Did I really need to know that?

I started to raise this question at my alma mater’s library. I usually spent my vacant time there, as well as one school mate I had did. Most of the time we simply gave each other a tap on the shoulder and a friendly “Kumusta?” (Howdy?) and silently agreed that reading books seemed the perfect pastime.

Later, however , he changed the routine. Matters on private life like the things he usually did when he goes to the comfort room or his practices when his sexual drive seemed uncontrollable — not just of his but also of others’ — became unwanted fodder for conversation. I didn’t know what to say and stammered something unintelligible. He took it for laughter, and each of us — two people different in that respect, really — got on with our reading. But I wondered. Should the fact that we both enjoyed going to the library together give me access to the details of his private life?

I’ll spare you the details of our conversation, but I heard much more than what I was willing to listen to.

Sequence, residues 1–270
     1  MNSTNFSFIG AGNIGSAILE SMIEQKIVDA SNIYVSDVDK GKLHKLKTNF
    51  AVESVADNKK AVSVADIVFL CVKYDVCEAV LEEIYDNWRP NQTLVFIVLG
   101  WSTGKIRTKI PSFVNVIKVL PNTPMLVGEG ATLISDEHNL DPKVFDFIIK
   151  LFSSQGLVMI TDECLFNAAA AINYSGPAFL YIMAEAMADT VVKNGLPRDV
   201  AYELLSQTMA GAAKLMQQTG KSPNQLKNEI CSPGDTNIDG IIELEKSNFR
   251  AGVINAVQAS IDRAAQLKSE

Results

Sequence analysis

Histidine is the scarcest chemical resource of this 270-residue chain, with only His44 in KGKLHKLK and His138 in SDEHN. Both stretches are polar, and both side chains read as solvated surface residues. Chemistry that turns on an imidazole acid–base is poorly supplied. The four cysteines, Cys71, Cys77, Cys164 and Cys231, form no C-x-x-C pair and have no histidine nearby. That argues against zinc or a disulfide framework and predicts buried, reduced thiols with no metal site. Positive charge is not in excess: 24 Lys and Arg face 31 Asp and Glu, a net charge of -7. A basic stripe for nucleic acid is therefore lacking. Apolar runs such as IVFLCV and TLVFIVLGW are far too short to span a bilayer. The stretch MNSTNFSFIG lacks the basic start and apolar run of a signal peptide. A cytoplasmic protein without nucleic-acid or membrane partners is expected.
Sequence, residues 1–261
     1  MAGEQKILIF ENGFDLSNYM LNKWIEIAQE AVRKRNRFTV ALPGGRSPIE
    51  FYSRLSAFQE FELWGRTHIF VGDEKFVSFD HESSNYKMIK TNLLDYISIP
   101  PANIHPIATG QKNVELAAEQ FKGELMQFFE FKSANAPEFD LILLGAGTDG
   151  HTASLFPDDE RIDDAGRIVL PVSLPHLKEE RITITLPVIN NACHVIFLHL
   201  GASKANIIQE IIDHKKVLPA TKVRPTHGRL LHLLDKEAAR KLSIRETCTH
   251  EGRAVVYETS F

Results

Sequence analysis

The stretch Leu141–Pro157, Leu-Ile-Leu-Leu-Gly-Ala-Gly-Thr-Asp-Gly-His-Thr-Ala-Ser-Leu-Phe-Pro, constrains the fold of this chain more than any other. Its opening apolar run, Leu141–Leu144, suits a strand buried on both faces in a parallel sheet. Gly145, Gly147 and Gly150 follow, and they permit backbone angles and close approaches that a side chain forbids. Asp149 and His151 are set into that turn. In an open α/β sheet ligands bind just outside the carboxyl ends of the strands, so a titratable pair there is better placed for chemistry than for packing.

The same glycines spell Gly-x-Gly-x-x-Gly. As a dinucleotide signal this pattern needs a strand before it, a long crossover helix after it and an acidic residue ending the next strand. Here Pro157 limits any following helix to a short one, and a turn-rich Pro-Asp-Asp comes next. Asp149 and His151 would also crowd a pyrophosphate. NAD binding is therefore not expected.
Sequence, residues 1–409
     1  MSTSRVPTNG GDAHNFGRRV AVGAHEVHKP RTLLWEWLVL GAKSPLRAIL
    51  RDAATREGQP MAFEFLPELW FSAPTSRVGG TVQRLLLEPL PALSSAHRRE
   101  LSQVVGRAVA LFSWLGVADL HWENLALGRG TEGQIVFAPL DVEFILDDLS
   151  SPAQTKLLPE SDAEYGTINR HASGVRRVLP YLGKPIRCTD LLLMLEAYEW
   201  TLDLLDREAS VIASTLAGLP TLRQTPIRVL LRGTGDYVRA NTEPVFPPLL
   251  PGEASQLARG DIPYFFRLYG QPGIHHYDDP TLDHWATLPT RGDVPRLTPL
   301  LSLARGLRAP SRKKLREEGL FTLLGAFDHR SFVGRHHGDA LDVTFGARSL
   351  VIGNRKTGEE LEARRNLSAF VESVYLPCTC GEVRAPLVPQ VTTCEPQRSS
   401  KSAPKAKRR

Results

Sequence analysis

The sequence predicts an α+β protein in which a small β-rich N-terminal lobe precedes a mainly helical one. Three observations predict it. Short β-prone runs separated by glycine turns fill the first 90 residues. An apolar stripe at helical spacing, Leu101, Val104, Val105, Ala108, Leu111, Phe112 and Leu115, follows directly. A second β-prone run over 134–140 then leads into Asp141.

When did private matters become so public? I asked.

I try to uphold the standards that enable a shy person to assimilate in society. I ignore tabloid scandals, much more sex scandals. I blush when my friends tell off-colors jokes. In fact, I don’t even discuss them.

Harder to ignore, however, are the confessions of emotional flashers. You don’t seek them out, and sometimes you can forget about escape. They ambush.

Overhead incursions can be just as disturbing. One morning when I was eating with my family, two couples at the nearby house spent almost an hour discussing whether they did or didn’t have sex on their respective teenage years — and why. In detail. And not quietly.Perhaps, it’s human nature to not avoid from blabbing. Or it’s psychobabble that has convinced people it’s healthier to express than to hold back. Surely, they have been opinion-polled, if not consumer-surveyed so often that they’re sure everyone wants to know what they think.

A free-speech advocate raised with discreet manners, I’m personally averse to stopping the emotional flow — verbally, at least. If I’m lucky enough a sharp glance does the trick. But sometimes it takes sterner actions to impose a mild rule.Recently, an old man sitting next to me on a bus station, looking at a men’s magazine, told me an utterly nonsense advice on how to get straight to a girl’s heart. He said it’s how he lured his wife.

“Did I really need to know that?” I told him in vernacular.Publicly, some things are better left unsaid.